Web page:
Skip to main content

Fire Emblem Agile: The Pair is the New Individual

Like so many of you other senior agilists out there, I'm currently playing the latest entry in Nintendo's "Fire Emblem" series, Intelligent Systems' "Fire Emblem Awakening" for the 3DS (henceforth "FEA")  And I'm sure I'm not the first to notice the wonderful insights FEA provides on Agile software development!  But humor me as I spell it out a little bit.
Free!  Fire Emblem Awakening wallpaper from Nintendo:
You may not have focused on this aspect of the game when you played it, but the essence of FEA is that the power of the team grows exponentially based on skill with which you, the player, build out the pairing between those characters using the game's new duel system in which you fight cooperatively with nearby comrades.  (This would be in addition to the game's "marriage" system, first introduced with the fourth game in the series, Fire Emblem: Seisen no Keifu, released for the Super NES system in May 1996. During the game, characters fall in love and that pairing causes their children's abilities to change.)

Obvious Similarities between FEA Gameplay and Agile Leadership:
  • Your role:  Just as your employer sets you loose to guide teams in building valuable working software, FEA makes the player responsible for assembling, investing in, and coordinating the actions of a team of heroic characters who pursue an important quest involving a valuable artifact with some missing jewels gouged out of it.  
  • Your team's diverse base classes:  Just as an agile team has what you might call "base classes," which is the capabilities and labels bring to the team:  developer, tester, analyst, scrum master, product owner, etc., FEA offers a selection of character classes, like troubadour, myrmidon, or pegasus knight, each with its own basic strengths and weaknesses.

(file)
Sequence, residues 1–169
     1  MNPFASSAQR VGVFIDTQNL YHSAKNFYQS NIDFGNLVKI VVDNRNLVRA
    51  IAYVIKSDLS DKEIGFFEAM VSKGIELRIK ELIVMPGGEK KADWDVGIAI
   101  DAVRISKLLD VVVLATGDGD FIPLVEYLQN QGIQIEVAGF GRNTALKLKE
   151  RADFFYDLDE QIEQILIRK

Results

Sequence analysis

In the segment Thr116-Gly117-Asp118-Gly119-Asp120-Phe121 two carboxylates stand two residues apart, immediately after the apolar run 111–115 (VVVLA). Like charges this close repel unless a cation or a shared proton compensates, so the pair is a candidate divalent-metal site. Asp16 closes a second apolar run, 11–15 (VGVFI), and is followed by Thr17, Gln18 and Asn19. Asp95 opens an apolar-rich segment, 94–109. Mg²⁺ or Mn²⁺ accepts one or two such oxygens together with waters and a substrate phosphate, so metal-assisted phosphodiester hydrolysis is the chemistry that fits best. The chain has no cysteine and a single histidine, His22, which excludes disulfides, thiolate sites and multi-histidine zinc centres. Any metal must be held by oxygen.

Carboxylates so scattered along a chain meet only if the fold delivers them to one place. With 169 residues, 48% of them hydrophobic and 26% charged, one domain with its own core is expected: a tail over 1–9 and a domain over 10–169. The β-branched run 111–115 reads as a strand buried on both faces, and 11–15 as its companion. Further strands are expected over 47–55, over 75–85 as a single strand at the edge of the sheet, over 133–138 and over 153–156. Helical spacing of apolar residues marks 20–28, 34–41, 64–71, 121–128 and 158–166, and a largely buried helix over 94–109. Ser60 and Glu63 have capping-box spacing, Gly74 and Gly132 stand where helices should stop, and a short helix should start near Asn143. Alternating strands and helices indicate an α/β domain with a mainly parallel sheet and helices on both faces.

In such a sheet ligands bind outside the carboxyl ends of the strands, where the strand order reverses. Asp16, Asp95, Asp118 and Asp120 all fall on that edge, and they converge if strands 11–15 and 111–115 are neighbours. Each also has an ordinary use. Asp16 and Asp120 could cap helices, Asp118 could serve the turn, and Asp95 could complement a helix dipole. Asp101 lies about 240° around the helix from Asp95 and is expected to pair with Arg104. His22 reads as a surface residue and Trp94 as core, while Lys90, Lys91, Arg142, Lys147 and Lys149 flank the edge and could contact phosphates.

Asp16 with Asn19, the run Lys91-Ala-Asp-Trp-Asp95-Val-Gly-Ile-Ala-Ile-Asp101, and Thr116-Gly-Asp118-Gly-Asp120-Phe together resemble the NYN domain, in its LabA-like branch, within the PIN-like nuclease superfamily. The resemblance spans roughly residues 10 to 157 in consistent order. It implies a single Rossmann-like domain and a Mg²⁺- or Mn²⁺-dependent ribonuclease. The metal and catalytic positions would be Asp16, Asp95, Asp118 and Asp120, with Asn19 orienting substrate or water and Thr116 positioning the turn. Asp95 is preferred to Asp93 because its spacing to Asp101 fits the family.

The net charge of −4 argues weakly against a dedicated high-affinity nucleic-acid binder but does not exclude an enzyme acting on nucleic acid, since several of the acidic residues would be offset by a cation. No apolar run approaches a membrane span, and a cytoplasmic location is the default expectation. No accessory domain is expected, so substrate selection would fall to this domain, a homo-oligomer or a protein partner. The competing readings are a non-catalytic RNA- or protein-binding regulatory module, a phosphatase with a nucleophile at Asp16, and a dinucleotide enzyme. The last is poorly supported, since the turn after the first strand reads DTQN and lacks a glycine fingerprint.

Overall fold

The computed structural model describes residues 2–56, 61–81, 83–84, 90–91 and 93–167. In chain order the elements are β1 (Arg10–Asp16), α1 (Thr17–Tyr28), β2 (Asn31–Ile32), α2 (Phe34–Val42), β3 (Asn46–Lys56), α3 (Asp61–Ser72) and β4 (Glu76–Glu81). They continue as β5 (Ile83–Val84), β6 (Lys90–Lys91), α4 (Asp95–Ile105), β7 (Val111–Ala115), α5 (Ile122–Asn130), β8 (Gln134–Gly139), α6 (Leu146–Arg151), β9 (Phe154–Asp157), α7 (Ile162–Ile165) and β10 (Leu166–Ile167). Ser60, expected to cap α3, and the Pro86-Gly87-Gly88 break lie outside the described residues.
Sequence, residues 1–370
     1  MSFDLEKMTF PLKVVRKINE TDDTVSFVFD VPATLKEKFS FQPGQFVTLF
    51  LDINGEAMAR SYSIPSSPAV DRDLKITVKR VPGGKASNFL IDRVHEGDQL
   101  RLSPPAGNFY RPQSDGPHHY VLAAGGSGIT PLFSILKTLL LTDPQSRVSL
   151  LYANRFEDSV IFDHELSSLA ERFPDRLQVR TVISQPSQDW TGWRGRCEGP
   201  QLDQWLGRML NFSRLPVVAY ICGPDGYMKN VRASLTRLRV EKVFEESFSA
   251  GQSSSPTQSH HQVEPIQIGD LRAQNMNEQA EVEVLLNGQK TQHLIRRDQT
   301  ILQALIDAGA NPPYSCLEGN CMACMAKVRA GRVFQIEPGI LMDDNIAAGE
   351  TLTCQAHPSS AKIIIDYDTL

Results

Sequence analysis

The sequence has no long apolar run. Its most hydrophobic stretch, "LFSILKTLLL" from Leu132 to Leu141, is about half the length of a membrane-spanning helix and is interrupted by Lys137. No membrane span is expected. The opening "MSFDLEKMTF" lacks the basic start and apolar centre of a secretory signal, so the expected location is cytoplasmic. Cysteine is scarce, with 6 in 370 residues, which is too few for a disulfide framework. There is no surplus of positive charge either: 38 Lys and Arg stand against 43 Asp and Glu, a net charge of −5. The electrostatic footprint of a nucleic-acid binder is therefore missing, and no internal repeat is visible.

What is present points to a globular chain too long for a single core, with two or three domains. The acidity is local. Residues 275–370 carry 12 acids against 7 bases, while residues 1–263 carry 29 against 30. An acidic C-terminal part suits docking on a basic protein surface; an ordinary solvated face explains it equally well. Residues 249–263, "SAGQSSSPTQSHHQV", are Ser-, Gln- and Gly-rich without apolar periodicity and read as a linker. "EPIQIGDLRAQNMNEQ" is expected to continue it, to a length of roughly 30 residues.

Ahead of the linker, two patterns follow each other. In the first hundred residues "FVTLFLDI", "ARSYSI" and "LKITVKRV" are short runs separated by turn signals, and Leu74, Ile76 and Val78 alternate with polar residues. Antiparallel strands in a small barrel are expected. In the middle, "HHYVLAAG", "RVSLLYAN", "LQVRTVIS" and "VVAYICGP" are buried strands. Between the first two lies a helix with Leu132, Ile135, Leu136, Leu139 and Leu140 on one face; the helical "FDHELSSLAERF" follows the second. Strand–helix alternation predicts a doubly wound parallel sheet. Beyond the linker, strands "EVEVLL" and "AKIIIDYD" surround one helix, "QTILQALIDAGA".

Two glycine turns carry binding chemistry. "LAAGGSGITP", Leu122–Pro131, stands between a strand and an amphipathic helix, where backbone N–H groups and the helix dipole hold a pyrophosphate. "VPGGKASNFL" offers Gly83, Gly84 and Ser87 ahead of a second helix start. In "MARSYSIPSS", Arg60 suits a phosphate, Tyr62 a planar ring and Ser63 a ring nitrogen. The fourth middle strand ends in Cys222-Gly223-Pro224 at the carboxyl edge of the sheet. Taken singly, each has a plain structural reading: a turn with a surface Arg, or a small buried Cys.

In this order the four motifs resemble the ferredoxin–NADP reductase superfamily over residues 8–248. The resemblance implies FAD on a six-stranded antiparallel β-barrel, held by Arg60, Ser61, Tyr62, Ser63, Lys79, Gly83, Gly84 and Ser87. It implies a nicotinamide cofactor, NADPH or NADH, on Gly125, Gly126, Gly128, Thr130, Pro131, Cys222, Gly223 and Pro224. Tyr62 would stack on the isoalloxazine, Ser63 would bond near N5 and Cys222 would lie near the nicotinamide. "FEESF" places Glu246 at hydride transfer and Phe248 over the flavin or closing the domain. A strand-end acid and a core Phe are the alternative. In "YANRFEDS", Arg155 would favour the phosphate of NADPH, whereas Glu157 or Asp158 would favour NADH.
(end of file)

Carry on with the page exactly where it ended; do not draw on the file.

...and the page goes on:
• Team member career progress:  Just as agile team members may move up from their base class to senior or lead level, based on how things go at their annual review, characters in the game can gain experience and be promoted to valkyrie, assassin, or dark flier.
  • Team acceleration through experience:  Just as your agile team gets better as individual members become more experienced, FEA offers game play where the team members are able to battle progressively scarier 3D monsters as they "level up:"  originally you might battle bonewalkers, and then as you get to be more senior, you can successfully deal with wights.
  • Winning:  in FEA, as in agile, winning is experienced as a team state, not just the accomplishment of one individual hero.
Less Obvious, But Crucial Implications:  as you know, from the first, the Fire Emblem series has been a sort of cross between a "simulation," in which you as a player interact with a simulated world, and a strategy game, where you as a team leader guide your group to success through appropriate choices about who to put into each battle, and where to position them.  This new entry in the series has polished up the personal interactions between characters in the game to heighten both aspects of the game play.  Here's FEA project manager Masahiro Higuchi, describing the game in a 2012 interview:
I think the essence of Fire Emblem is in how the ties between characters—the character's conversations and worldviews, the friends and lovers and parents and children—connect and form a big group, and you sense how all the characters are living and participating in the game. As the bonds between the characters form and the conversation increases, you want to have more and more conversation. On the other hand, I think the essence of Fire Emblem is how you can enjoy a game with the tension of a sim.
Implications for software development teams?  I'll provide four:

1.  As modeled by FEA, team trust is built through an additive series of parallel, successful, one-on-one pairings of team members:  FEA introduces a "dueling" system in which you collocate two or more characters for the purpose of a battle, and they gradually build trust by working together, and they work better together as they build trust.  I'm sure Intelligent Systems has a table somewhere that measures the trust between game characters numerically, because how else could they know when to show the little heart icon?